HEADQUARTERS FIFTH CORPS, July 30, 1864-5.30 a. m.
GENERAL: General Crawford reports things in his front about as usual; but very little firing and not much show of men.
FRED. T. LOCKE,
HEADQUARTERS ARMY OF THE POTOMAC, July 30, 1864-5.50 a. m.
Commanding Fifth Corps:
General Burnside is occupying the crater with some of his troops. He reports that no enemy is seen in that line. How is it in you front? Are the enemy in force there or weak? If there is apparently an opportunity to carry their works take advantage of it and push forward your troops.
A. A. HUMPHREYS,
Major-General and Chief of Staff.
HEADQUARTERS FIFTH ARMY CORPS, July 30, 1864-6 a. m.
Your dispatch just received. It is difficult to say how strong the enemy may be in my front. His batteries extend along the whole of it. I will watch for the first opportunity. I can see the whole line well where I am. The enemy has been running from his first line in front of General Burnside's right for some minutes, but there seems to be a very heavy line of troops just behind it in high breast-works. There is a battery in front of General Burnside's left, which fires toward the river, the same as it did on the 18th of June, and which our artillery fire has but very little effect on.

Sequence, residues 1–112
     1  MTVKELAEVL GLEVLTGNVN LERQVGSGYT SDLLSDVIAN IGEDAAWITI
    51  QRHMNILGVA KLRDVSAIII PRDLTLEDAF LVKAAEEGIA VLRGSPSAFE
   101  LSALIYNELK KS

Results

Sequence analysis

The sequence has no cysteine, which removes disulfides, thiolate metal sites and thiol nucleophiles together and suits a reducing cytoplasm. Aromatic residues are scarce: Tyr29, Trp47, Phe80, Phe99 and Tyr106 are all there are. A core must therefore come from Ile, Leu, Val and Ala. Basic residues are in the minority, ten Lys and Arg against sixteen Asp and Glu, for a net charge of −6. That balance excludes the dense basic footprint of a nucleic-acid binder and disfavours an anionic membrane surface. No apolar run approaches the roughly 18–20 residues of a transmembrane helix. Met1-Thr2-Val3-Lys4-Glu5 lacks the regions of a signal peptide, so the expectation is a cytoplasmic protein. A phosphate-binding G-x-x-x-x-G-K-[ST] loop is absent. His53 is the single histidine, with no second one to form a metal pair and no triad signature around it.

G. K. WARREN,
HEADQUARTERS FIFTH ARMY CORPS, July 30, 1864-6.15 a. m.
I have just received a report from my line on the center and left. The enemy opened with musketry when our firing began, but our own fire kept it down, and also that of all their artillery, except in the second line on the main ridge, from which they fire a little. Major Fitzhugh, of the artillery, is badly wounded by a musket-ball in the thigh. None of the enemy have left my front that we can see.
G. K. WARREN,